I will just mention: I came down with a really terrible hemorrhoid last year. While trying to schedule appointments to get it removed - which now in Covid times takes months longer than it took before - I just happened to start in with this ~60 gram daily fiber diet outlined above. Not because of the hemorrhoid, but for completely unrelated reasons.

By the time I got in to see the proctologist to talk about scheduling the procedure, the hemorrhoid was gone.

When I explained what I'd been eating lately, the penny dropped.

See, when you come in with hemorrhoids or similar conditions, they'll send you home with a bunch of generic advice, including "increase your fiber."

Everyone goes home and adds a tablespoon of Benefiber to their daily diet and SURPRISE! nothing at all happens.

Nobody goes home and raises their fiber from like 20g/day to 60g.

But if you do, that's what happens.
posted by flug at 2:11 PM on July 29, 2022 [4 favorites]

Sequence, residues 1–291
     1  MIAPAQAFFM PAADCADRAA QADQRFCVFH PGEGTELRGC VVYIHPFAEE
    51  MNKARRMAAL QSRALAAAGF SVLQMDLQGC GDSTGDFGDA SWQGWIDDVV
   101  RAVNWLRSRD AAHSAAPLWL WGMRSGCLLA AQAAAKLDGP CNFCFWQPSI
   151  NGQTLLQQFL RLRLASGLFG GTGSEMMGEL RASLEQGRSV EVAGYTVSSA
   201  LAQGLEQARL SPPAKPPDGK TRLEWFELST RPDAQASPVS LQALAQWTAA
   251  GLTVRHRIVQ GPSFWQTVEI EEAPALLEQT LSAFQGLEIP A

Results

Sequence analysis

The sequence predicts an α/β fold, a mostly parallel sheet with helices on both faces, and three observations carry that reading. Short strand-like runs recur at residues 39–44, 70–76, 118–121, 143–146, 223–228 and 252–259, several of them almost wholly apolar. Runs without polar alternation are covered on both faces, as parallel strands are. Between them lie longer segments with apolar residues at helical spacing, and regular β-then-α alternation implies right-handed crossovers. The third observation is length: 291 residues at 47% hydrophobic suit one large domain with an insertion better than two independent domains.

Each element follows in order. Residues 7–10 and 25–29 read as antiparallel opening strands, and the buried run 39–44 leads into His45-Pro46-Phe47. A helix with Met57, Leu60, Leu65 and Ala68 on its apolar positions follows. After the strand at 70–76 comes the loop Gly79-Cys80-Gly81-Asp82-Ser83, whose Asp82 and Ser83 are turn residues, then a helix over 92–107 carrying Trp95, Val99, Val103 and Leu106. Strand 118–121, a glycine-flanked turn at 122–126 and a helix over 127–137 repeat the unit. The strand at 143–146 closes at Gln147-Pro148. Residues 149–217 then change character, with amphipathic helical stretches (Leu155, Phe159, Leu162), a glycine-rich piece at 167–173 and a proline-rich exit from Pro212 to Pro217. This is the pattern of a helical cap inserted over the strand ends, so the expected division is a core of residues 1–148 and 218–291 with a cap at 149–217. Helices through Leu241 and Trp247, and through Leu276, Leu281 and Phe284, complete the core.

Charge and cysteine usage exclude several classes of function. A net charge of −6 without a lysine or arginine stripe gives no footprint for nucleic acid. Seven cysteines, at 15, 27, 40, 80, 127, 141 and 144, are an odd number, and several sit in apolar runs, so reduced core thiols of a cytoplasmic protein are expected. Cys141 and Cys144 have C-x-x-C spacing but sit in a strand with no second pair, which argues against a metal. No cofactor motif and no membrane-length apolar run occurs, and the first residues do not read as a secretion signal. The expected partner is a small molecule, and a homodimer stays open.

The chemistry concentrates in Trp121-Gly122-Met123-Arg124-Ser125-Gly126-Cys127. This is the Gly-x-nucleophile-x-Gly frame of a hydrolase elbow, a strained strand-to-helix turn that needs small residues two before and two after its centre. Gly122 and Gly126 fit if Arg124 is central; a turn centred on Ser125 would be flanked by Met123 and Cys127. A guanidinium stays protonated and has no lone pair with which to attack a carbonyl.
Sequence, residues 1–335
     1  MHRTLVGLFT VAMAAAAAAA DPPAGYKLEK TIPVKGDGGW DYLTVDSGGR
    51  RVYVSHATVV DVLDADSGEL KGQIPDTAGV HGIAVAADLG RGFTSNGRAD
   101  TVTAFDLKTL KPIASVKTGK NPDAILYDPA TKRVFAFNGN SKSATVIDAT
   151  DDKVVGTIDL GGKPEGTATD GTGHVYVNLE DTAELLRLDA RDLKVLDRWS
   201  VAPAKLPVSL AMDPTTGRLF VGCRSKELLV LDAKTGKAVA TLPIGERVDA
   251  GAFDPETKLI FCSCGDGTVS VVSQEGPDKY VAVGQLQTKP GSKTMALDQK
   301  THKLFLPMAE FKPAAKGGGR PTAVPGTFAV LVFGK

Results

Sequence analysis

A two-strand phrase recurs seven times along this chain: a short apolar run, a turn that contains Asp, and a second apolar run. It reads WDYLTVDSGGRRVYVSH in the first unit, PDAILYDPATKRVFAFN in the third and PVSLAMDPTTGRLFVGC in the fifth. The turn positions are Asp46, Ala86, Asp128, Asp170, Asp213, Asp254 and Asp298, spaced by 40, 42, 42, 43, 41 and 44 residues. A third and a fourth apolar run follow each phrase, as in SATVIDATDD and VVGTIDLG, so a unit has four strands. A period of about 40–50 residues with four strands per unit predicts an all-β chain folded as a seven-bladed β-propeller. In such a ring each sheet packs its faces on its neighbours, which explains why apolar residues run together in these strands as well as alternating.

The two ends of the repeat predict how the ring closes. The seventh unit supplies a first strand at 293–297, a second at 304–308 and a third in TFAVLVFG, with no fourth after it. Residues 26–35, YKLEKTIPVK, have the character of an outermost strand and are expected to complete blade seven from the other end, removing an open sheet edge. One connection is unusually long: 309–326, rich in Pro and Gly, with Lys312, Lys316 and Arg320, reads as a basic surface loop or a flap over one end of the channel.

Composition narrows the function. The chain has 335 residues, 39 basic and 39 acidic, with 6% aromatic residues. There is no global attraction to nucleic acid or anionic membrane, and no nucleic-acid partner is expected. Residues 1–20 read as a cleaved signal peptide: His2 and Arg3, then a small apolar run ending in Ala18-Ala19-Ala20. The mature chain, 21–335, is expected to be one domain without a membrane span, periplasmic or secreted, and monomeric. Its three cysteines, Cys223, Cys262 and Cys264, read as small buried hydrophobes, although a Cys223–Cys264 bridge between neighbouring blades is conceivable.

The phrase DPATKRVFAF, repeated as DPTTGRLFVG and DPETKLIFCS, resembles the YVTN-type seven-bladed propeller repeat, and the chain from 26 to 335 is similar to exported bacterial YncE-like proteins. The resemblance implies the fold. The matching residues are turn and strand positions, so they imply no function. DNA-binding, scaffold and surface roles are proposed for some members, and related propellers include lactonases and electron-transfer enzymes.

"how is it possible the human body evolved to require more fiber than a normal diet could possibly provide"

So normal the way these doctors use the word means typical, and making some assumptions about where you live, that probably means some fast food and restaurant meals and processed food that comes in a box or a bag making most of your food intake, with not that much fruit and veg or legumes or whole grains. But you're not evolved for that. Humans do fine on a wide range of things, but by and large, not heavily processed foods with fat and sugar added and fibre removed.

Also "evolved for" is a tricky phrase because really, we are whatever is necessary to achieve reproductive success. A diet that gets you to say 60, long enough to see grandkids and give them a start in life 10000 years ago, is not guaranteed to be an optimal diet for good health into your 70s. Beware of naturalistic fallacies and arguments about evolution...

I don't blame your doctors for saying this, because they are probably well aware that people like eating what they like and also, your doctors aren't dieticians and aren't tooled up to provided ongoing diet advice, that's not a thing they learn in medical school. So they're all about the supplements layered on to what you already eat. You don't have to go down that road though. You can eat all the things people suggest above instead. You'll get a lot of other nutrients as a bonus too.